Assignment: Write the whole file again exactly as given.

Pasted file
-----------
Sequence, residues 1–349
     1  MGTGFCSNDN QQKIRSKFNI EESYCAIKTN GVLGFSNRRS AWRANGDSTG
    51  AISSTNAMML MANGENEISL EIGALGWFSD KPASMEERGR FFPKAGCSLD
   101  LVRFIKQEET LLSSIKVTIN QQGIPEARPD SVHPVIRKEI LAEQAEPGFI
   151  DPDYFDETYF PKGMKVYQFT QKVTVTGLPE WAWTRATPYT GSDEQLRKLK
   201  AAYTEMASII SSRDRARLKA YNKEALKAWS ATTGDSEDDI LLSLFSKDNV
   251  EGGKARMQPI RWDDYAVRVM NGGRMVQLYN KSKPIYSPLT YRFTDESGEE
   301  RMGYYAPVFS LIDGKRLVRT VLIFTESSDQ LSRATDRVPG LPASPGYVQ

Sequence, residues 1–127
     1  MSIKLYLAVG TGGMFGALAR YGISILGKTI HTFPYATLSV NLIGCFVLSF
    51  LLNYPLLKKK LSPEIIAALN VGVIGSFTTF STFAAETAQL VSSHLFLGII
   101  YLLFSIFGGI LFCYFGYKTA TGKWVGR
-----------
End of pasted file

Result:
Sequence, residues 1–349
     1  MGTGFCSNDN QQKIRSKFNI EESYCAIKTN GVLGFSNRRS AWRANGDSTG
    51  AISSTNAMML MANGENEISL EIGALGWFSD KPASMEERGR FFPKAGCSLD
   101  LVRFIKQEET LLSSIKVTIN QQGIPEARPD SVHPVIRKEI LAEQAEPGFI
   151  DPDYFDETYF PKGMKVYQFT QKVTVTGLPE WAWTRATPYT GSDEQLRKLK
   201  AAYTEMASII SSRDRARLKA YNKEALKAWS ATTGDSEDDI LLSLFSKDNV
   251  EGGKARMQPI RWDDYAVRVM NGGRMVQLYN KSKPIYSPLT YRFTDESGEE
   301  RMGYYAPVFS LIDGKRLVRT VLIFTESSDQ LSRATDRVPG LPASPGYVQ

Sequence, residues 1–127
     1  MSIKLYLAVG TGGMFGALAR YGISILGKTI HTFPYATLSV NLIGCFVLSF
    51  LLNYPLLKKK LSPEIIAALN VGVIGSFTTF STFAAETAQL VSSHLFLGII
   101  YLLFSIFGGI LFCYFGYKTA TGKWVGR